Stephen J. Dubner
10/17/2013 | 9:29 am
Yesterday, Freakonomics Radio made an appearance in the Pearls Before Swine comic strip, by Stephan Pastis. The episode he refers to is “How to Raise Money Without Killing a Kitten”:
(HT: Lots of people — thanks!)
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“Do not give dogs what is sacred; do not cast your pearls before swine. If you do, they may trample them under their feet; and turn on you and tear you to pieces” is a quote from the Bible, it is taken out of a lesson that Jesus spoke. I’m just wondering why its being used in this context, it sounds judgmental and that is not what Jesus was about. I’m just trying to understand what purpose it serves in your fundraising. Thanks.
“Pearls Before Swine” is a comic strip. Per Wikipedia: “According to [the author] Pastis, [the character] Rat, who considers himself a genius, casts his “pearls” of wisdom before [another character] Pig (“swine”), who is the only one naive enough to seriously listen.”
Freakonomics is not making a commentary on the Biblical phrase.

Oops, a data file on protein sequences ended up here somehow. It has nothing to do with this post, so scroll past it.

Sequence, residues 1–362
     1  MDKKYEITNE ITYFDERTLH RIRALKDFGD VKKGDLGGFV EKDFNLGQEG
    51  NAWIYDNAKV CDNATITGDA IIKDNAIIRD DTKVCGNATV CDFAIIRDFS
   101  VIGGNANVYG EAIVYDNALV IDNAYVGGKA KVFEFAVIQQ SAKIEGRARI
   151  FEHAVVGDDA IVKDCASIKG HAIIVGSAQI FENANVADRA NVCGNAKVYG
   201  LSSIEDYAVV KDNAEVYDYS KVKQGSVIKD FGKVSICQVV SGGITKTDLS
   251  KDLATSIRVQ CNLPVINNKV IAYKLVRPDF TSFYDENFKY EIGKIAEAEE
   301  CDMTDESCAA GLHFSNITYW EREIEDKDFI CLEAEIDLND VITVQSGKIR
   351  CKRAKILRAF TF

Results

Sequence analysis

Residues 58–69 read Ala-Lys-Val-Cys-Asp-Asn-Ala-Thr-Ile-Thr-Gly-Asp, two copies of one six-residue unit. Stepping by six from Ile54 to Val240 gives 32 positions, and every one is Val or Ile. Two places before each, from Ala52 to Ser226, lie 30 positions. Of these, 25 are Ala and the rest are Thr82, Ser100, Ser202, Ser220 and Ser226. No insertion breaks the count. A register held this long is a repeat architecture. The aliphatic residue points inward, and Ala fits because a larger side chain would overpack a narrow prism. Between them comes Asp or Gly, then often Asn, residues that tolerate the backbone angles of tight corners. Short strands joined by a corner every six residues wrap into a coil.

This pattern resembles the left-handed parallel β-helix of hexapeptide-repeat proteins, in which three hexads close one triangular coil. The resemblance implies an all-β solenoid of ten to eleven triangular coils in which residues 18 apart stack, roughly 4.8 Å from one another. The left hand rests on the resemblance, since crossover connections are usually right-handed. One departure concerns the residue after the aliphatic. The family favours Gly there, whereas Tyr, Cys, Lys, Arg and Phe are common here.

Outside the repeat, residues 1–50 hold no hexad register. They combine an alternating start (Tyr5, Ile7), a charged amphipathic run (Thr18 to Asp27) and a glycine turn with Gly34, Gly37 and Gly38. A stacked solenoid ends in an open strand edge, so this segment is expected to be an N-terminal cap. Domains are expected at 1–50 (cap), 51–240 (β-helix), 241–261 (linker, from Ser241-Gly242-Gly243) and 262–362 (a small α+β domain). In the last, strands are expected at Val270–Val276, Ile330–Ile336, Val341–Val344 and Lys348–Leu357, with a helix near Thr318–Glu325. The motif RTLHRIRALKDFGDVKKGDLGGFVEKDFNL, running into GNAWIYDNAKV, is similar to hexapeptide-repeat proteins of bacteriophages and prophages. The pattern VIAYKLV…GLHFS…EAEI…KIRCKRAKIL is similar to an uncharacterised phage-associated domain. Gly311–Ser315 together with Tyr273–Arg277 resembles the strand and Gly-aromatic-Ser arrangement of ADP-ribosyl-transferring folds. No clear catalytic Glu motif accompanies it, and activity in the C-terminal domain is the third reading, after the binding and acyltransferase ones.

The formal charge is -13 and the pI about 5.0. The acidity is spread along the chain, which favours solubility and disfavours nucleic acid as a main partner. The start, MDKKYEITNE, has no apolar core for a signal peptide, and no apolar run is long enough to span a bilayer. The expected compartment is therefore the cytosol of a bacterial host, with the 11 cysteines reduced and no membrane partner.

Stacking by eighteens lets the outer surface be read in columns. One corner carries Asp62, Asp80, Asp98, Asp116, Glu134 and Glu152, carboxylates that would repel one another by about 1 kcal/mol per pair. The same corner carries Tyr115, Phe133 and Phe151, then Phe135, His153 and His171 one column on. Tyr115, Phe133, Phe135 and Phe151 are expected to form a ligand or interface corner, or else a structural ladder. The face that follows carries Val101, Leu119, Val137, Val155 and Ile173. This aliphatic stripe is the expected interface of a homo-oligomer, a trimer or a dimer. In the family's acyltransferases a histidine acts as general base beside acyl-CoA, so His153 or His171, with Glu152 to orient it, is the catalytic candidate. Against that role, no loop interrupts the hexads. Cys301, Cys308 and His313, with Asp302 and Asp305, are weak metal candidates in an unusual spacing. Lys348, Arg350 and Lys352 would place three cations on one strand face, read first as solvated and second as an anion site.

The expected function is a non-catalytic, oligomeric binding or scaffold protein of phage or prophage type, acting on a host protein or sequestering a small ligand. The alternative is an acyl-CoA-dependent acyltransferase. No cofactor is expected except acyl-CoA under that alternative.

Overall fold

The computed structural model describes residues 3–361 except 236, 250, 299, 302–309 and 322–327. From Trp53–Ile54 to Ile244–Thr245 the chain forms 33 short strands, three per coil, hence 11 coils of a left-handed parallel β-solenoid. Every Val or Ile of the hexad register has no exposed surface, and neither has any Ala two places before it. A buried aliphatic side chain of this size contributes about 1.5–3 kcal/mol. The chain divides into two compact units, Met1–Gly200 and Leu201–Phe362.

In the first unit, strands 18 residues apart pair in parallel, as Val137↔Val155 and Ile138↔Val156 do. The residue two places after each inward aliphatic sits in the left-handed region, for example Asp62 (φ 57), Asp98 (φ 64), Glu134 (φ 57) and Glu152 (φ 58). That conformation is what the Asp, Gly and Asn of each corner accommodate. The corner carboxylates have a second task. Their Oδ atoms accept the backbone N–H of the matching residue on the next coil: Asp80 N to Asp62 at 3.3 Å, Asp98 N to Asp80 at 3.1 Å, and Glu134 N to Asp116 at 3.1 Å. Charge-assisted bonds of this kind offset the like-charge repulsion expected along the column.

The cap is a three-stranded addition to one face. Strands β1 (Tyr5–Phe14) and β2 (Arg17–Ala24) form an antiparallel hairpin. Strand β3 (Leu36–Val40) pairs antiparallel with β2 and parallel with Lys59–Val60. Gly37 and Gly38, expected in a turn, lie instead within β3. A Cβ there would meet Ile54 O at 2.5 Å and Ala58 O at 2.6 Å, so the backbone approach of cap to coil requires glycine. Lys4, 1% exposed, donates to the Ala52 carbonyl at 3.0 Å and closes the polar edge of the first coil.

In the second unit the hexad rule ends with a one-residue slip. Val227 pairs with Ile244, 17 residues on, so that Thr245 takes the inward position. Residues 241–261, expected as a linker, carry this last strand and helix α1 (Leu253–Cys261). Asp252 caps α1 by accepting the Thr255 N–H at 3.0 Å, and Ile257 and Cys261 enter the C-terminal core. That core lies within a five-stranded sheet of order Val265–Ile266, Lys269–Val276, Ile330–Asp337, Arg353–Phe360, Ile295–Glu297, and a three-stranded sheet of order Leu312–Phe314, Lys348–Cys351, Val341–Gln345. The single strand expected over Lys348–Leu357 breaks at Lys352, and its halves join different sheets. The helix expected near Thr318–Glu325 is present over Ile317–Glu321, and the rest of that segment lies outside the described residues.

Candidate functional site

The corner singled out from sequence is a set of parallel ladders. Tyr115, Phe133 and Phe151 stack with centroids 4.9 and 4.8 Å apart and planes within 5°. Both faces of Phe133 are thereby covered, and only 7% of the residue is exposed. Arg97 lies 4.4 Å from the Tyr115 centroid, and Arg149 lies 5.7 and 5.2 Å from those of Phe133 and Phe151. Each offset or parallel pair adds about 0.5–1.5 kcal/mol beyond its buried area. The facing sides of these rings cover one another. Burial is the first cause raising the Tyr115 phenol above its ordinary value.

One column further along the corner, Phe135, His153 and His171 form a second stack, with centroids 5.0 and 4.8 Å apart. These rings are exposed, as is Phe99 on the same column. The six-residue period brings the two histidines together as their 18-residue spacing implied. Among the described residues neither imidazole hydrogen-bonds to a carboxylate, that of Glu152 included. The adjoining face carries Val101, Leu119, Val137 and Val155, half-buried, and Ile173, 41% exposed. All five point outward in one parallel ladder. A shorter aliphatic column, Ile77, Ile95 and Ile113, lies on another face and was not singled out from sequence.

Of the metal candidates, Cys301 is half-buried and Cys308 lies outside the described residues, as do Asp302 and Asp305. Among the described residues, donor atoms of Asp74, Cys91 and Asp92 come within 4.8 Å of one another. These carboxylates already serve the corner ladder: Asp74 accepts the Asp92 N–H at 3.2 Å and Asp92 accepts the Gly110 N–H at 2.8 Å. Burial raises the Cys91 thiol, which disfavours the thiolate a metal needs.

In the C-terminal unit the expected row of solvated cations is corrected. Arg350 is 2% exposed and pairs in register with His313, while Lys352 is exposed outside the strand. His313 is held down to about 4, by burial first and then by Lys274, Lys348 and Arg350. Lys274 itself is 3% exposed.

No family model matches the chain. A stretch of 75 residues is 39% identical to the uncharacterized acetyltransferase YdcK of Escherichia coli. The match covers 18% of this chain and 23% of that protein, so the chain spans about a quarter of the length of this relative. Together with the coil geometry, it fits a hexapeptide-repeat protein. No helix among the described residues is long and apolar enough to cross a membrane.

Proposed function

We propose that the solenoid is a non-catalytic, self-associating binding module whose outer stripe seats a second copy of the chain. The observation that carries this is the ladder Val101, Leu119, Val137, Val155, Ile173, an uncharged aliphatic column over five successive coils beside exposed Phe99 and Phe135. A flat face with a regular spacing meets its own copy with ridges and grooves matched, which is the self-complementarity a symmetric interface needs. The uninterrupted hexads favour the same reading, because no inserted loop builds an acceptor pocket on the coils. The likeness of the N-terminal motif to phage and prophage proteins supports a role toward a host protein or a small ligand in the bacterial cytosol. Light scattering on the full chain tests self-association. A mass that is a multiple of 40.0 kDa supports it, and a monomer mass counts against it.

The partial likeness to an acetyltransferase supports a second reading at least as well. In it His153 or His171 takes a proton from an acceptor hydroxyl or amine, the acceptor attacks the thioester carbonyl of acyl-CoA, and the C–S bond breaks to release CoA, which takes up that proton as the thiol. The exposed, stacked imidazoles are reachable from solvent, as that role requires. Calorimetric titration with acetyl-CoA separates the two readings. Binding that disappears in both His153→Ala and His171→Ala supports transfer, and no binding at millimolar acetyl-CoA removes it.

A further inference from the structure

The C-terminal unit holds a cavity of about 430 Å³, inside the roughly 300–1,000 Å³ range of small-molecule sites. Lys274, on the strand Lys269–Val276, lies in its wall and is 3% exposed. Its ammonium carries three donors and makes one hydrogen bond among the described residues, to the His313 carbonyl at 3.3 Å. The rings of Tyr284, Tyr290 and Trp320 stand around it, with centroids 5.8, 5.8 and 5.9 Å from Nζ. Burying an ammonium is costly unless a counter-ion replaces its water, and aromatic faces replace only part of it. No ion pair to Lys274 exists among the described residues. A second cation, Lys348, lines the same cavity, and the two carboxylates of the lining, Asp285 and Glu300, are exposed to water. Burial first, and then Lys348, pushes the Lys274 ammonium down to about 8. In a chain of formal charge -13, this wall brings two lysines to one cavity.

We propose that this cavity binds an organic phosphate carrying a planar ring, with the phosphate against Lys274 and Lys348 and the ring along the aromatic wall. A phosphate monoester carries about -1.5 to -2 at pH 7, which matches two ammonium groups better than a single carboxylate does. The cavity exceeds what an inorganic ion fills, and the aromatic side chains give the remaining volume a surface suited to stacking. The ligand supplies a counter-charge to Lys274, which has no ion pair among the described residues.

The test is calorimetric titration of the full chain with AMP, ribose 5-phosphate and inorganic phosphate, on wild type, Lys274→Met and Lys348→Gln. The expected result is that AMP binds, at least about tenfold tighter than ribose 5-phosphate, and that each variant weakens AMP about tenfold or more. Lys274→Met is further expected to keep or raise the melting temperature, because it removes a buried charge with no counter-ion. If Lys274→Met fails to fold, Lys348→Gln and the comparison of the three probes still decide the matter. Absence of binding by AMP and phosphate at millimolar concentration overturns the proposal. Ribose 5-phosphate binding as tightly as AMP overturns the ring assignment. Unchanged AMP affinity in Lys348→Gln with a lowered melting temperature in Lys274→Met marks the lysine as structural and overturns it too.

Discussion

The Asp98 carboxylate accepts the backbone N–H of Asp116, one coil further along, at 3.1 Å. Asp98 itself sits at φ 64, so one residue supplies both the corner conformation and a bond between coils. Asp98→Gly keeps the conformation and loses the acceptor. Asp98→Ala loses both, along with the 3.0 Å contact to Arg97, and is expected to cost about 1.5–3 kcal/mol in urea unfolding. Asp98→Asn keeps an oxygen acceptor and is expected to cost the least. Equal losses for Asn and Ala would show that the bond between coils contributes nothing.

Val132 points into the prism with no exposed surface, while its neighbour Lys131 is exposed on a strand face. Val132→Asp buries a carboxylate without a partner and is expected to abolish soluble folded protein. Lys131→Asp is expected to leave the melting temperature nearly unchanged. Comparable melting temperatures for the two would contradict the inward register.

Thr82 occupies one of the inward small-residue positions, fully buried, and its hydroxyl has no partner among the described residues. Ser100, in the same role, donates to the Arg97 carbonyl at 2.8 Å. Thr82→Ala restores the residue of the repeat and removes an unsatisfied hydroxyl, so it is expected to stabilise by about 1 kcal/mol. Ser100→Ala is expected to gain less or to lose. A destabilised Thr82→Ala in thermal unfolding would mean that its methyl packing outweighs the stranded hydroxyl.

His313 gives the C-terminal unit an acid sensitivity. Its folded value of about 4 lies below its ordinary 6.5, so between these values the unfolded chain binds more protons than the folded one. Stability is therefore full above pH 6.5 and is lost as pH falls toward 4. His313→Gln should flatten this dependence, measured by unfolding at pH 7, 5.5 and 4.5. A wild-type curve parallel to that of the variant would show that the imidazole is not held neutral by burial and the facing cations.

Pearls Before Swine is the name of the comic strip. It is so named because the main character ‘Rat’ is usually dispensing his ‘Pearls’ of wisdom to the other main character ‘Pig’ (aka Swine) who always misunderstands what’s being said. So Rat is casting ‘Pearls before Swine’.
It has nothing to do with fundraising in any context, and is in no way presented as such. It is just the name of the comic strip that happened to make a reference to the Freakonomics podcast.
Emily, it’s the name of a syndicated comic strip that has been running for quite a while. It has nothing to do with the message, article nor the joke.
What are you talking about? This sounds like EXACTLY how the church works
Speaking of fundraising, is it just a coincidence that the abbreviation for Pearls Before Swine is “PBS?” Pastis will resume regular comics after his fund-raising drive.
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